Arizona wildfire now covers 19,500 acres
Blaze roars through new timber, brush
CNN.com, June 24, 2003
TUCSON, Arizona (CNN) -- Despite the work of more than 900 fire personnel, a wildfire northeast of Tucson has roared through new mountain timber and desert brush, increasing its size dramatically, a fire official said.
From Monday afternoon into Monday evening, the Aspen fire grew from 12,400 acres to 19,500 acres, according to Dave Root, a spokesman for the National Incident Management Team, an increase of 57 percent. He said the blaze is 15 percent contained. (Satellite image)
Earlier in the day, fire officials told reporters that firefighting efforts were in a critical stage.
"We anticipate very, very tough conditions on the hill," said Jeff Whitney, deputy incident commander for the National Incident Management Team, citing low humidity, a temperature near 100 and gusts of wind predicted to reach 35 mph at the fire, which is centered near Mount Lemmon, 17 miles northeast of Tucson.
Tuesday's forecast again calls for highs near 100 with low humidity.
Feeding off the area's dry timber and underbrush, the Aspen fire has devastated at least three mountain resort communities since it was reported June 17. More than 900 firefighters from 10 Western states have joined the efforts to choke it, which have cost an estimated $2.5 million so far.
Federal emergency management teams Sunday began initial assessments of the damage. The fire's intense, erratic nature has prevented an accurate assessment of even the number of structures destroyed, but fire officials have said well over 200 homes and businesses have been lost.
Concerns on Sunday that a radio communications center and an observatory in the fire's predicted path were threatened have eased, Whitney said. "We feel very good, at this point, that the major threat has passed for the developments on the west end of Radio Ridge."
Nevertheless, two towers atop Radio Ridge -- a key communications site for the area -- have been damaged.
Heavy smoke has shielded the blazes from the sun, cooling them, and hills have weakened the winds, developments that have slowed the fire's march, Whitney said.
Gusts on Sunday eased, so that four heavy helicopters, two to four air tankers and three medium-sized planes were able to drop slurry on the blazes, he said.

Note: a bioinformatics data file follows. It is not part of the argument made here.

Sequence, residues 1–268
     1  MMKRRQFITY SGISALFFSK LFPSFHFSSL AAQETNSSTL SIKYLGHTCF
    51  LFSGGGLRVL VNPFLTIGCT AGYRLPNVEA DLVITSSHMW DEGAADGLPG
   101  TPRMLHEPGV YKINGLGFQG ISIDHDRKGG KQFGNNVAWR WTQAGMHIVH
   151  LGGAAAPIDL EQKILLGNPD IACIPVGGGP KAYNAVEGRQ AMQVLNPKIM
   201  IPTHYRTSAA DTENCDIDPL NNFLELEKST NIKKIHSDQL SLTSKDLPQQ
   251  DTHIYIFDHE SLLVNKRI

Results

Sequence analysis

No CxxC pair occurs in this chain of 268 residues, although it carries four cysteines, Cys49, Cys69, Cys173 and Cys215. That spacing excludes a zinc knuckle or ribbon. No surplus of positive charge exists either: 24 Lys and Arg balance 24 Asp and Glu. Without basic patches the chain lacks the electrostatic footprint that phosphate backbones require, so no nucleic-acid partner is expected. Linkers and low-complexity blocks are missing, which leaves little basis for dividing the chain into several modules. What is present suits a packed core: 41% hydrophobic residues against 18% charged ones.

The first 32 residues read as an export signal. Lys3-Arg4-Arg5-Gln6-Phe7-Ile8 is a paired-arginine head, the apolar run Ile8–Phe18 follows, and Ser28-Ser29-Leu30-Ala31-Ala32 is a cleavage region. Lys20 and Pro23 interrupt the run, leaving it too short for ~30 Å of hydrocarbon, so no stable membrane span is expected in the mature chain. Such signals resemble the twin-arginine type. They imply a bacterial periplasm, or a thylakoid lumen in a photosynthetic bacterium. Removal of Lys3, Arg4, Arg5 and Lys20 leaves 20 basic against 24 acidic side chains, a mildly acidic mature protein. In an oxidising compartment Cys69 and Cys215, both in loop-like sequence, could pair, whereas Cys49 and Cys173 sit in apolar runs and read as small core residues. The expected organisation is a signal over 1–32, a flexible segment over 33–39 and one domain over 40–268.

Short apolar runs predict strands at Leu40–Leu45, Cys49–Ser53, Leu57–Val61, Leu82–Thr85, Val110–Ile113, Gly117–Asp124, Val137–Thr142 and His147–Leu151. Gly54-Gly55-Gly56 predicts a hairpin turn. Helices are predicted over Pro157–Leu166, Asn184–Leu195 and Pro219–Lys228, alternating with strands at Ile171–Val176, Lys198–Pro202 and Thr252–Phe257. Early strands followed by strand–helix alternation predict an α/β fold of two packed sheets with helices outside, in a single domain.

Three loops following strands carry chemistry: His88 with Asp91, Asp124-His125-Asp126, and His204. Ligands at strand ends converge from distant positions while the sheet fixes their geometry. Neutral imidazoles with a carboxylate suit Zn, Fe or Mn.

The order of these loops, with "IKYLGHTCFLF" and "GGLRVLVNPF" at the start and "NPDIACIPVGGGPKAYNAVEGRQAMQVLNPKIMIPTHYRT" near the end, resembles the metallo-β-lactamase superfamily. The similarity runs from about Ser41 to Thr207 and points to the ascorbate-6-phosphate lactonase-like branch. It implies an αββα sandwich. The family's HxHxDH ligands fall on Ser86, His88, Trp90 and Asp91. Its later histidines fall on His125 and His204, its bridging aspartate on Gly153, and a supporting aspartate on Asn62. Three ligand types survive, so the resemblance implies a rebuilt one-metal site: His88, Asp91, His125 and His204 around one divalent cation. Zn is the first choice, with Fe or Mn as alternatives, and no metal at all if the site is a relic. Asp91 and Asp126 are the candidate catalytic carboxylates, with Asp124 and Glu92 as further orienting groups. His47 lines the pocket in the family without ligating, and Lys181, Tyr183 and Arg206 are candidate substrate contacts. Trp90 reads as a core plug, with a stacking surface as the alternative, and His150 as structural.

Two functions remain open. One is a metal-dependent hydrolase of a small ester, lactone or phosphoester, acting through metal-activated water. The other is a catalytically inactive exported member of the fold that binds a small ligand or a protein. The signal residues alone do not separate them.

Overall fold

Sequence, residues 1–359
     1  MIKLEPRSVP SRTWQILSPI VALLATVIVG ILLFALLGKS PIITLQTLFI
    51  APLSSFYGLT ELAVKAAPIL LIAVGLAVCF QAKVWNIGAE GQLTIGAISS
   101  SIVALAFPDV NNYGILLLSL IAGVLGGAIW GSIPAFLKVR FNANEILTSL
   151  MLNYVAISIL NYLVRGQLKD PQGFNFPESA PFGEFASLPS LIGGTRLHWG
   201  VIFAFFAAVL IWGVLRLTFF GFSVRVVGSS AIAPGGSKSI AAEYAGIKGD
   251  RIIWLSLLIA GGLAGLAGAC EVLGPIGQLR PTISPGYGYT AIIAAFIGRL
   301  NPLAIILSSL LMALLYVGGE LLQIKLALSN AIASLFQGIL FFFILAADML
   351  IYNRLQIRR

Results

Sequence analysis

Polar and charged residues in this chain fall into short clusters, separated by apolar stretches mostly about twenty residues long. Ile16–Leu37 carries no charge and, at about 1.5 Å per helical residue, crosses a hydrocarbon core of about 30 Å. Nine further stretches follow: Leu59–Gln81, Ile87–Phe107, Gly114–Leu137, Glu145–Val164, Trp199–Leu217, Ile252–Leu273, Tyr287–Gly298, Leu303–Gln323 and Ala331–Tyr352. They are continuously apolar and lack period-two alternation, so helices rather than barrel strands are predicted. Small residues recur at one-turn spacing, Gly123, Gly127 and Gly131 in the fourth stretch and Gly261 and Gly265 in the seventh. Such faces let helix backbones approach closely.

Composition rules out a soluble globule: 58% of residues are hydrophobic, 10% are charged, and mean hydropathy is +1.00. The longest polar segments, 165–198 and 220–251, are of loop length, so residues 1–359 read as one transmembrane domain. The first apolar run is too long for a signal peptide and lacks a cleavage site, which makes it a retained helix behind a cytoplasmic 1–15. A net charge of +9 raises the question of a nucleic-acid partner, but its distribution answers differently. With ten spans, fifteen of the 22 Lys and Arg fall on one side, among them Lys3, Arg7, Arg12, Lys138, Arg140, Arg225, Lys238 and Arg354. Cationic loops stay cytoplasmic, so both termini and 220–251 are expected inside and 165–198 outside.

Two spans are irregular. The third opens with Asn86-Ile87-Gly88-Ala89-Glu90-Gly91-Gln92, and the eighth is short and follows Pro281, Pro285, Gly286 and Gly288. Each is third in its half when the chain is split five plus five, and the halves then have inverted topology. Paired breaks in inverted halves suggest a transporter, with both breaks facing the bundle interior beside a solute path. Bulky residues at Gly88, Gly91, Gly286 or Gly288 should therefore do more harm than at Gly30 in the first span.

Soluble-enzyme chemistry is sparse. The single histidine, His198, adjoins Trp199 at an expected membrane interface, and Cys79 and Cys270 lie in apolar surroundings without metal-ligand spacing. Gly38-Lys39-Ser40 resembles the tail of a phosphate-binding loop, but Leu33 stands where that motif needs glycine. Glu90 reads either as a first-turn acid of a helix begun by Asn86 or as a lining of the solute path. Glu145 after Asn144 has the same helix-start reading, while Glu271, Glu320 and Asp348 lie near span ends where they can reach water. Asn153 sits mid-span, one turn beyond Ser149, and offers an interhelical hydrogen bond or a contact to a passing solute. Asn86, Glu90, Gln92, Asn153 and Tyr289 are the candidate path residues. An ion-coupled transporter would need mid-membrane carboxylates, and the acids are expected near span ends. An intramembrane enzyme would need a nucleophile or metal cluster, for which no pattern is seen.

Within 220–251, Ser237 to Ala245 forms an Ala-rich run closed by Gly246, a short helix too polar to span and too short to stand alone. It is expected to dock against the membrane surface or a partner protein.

Still, the fire -- which Whitney called the "number-one priority nationally" -- is creeping northward at a pace of 2 miles per day, he said.
The Aspen fire started last Tuesday on the southern slopes of the 9,157-foot Mount Lemmon and roared through Summerhaven -- a vacation community with about 100 permanent residents plus numerous part-timers and tourists -- and nearby Loma Linda on Thursday. It then swept over the top of the mountain and headed down the other side toward Lower Soldier Camp, pushed by winds that had decreased in strength only slightly.
Nine homes in Lower Soldier Camp and an estimated 200 in Summerhaven and Loma Linda have been destroyed, officials said. Businesses and other structures have also been destroyed.
The effort to contain the fire was getting a boost from the desolate terrain of two of last year's fires: the 2,400-acre Oracle Hill fire on the north and the 30,000-plus-acre Bullock fire on the east side.
A fire crew fills a fire truck with water in Summerhaven, Arizona, on Monday.
The fire lines that remain from those fires mean that firefighters need to build just three to five miles of new fire lines for this year's blaze, Whitney said.
More than 1,000 homes and a number of children's camps have been evacuated since the fire began. Residents will not likely be able to return to their homes for at least a week, Whitney said.
Efforts to determine whether the Aspen fire was ignited by a lightning strike or a person have been futile, since investigators are unable to approach the area where it is believed to have started, he said.
Arizona has also been plagued by several other fires, including the Picture fire -- which had swelled to more than 11,000 acres by Monday morning, half of it contained -- in Tonto National Forest northeast of Phoenix. Firefighters said they expected to fully contain Picture by Thursday.
Eleven large wildfires were burning Monday morning in Arizona, New Mexico and Alaska -- five each in the two Southwestern states and one in Alaska -- as seasonal dry weather sparked the beginning of another summer of wildfires.